Helping Lawyers with their Careers and With Getting Business
IF you look at most successful people like politicians, a business owners, a professional, or an artist, you will find someone playing an advisory role behind them and guiding them all throughout their career until they have attained the success that they have now. In reality, when an individual or a group is taken up over something that is very important or crucial, they are not able to think out of the box, and they are not able to decide properly using good analysis and judgment. They have a blind spot or things they are not able to see or consider when making decisions. And we all have our blind spots and the reason why in our present economy, there is an increasing trend in top corporations toward hiring external coaches to work with senior level executives.
These executive coaches act not only as a sounding board but also conditions the group or the individual to a reality check. Using their resourcefulness, acumen, and expertise, they provide support and validation to the group.
Well, for all you know, professional coaching is also spreading to the legal profession as well. Being a partner mentor, the professional coach of a lawyer will help him success by putting an edge in their performance. This is not only for the regular lawyers, but even top performing lawyers achieve peak performances when they are under a mentor.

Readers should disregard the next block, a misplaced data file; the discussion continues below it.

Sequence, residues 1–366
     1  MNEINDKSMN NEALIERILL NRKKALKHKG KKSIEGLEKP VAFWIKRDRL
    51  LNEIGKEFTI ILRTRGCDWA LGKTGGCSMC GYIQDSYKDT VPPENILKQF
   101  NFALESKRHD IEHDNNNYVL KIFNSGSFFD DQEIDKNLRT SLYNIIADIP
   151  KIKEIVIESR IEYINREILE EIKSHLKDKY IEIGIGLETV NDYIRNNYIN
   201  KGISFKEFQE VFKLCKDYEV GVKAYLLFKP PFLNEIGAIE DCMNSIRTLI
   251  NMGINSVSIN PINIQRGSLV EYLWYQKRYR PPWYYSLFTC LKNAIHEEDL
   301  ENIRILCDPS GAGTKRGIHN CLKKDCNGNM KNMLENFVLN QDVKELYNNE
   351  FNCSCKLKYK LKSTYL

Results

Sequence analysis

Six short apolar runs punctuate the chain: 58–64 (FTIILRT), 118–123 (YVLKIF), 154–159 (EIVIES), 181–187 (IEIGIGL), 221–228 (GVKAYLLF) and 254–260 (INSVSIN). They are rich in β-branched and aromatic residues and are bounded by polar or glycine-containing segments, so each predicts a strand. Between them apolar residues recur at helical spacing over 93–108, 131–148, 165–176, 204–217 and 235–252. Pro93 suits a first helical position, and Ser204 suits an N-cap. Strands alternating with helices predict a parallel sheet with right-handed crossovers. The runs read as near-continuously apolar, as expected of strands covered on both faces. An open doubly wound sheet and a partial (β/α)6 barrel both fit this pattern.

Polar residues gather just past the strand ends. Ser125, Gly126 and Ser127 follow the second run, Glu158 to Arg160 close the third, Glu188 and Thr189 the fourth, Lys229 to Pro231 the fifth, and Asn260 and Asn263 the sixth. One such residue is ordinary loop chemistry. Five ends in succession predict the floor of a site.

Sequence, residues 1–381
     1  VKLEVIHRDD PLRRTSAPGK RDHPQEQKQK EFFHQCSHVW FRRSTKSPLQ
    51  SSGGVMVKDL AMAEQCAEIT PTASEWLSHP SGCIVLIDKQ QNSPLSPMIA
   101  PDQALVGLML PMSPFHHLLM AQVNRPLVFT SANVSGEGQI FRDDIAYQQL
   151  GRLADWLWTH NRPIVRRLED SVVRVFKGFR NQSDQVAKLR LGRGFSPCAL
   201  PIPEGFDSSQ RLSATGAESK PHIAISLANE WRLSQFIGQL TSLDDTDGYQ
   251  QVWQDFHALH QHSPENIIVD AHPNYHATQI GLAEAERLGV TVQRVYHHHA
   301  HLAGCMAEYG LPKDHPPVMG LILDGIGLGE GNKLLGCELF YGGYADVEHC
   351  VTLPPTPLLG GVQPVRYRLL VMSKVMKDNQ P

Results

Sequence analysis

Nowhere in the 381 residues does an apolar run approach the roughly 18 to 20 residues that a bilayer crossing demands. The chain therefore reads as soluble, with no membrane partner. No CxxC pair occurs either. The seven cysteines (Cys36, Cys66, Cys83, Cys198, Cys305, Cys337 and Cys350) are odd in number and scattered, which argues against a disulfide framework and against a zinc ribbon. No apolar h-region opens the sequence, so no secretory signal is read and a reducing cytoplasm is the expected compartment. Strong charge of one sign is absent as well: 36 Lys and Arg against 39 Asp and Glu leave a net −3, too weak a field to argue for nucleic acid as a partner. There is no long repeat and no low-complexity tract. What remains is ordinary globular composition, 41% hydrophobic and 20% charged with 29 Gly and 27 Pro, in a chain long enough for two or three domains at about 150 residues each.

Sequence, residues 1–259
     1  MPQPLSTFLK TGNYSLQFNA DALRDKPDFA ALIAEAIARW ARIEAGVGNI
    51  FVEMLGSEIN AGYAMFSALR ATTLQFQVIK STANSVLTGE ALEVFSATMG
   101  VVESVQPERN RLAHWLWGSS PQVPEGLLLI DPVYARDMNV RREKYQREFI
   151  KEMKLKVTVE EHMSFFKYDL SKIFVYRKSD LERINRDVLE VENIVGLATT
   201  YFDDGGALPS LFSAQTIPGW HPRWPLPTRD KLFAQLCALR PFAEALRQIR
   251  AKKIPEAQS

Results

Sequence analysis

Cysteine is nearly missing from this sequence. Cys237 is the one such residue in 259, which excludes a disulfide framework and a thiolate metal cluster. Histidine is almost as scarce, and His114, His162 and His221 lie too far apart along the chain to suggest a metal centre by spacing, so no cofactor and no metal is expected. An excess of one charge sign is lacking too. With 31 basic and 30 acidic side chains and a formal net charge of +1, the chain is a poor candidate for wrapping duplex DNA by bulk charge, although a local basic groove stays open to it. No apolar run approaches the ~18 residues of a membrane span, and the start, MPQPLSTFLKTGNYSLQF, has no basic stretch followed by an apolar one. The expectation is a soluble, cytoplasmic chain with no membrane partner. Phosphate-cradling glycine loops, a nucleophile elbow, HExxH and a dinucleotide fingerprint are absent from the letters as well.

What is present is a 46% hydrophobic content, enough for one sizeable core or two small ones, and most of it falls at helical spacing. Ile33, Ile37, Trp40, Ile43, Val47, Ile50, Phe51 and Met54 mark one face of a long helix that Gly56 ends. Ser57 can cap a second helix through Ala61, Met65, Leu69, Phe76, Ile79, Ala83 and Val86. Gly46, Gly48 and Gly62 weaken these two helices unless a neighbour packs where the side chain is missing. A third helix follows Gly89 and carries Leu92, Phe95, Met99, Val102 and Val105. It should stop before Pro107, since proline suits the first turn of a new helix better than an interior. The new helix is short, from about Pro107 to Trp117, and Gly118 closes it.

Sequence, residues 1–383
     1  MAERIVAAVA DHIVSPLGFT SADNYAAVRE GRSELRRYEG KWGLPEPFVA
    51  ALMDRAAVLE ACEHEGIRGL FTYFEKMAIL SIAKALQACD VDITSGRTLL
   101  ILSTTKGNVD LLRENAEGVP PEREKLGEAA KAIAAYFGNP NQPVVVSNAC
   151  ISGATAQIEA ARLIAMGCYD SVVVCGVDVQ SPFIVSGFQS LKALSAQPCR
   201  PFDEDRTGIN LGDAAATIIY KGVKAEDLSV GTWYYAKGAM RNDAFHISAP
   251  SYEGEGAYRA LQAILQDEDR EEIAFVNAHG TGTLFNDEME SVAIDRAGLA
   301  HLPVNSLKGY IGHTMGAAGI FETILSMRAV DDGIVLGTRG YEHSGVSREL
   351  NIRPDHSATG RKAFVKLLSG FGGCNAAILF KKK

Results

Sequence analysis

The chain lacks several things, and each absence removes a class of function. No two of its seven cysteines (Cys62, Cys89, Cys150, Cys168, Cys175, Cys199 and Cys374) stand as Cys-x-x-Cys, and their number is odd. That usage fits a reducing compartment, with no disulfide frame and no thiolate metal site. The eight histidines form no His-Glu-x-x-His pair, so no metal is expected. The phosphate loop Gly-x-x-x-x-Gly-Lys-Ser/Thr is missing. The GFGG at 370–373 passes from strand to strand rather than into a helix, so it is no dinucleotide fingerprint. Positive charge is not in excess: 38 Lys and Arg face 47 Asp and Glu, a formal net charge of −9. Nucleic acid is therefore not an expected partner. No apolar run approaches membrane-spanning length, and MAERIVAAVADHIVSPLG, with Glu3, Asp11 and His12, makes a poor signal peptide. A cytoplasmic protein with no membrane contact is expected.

Where traditional consulting ends, coaching picks up. And the difference is this. Typically, a consultant will seek to identify ways that will enable you to achieve your desired objective. In most cases, a consultant does not act as a mentor but a role alleviator. What the consultant then ends up doing is detailing steps that are important for you to achieve your desire for your career. These consultants even periodically do the work for you in order to achieve their own ends.
Coaches are not like these. Key to the success of this relationship is not the type of mentor who because they are more senior or more experienced acts as an advisor or guide to a junior or a trainee. When a coach works with someone, he provides support, feedback and an alternative outlook so that it squeezes out ideas that even the mentor himself does not know where it will lead to. It helps the lawyer to think better and to think differently or unconventionally.
Executive coaches often charge a monthly fee and schedule weekly phone conferences with their clients. The amount that executive coaches charge their clients can be as low as a few hundred dollars to as expensive as several thousands of dollars.
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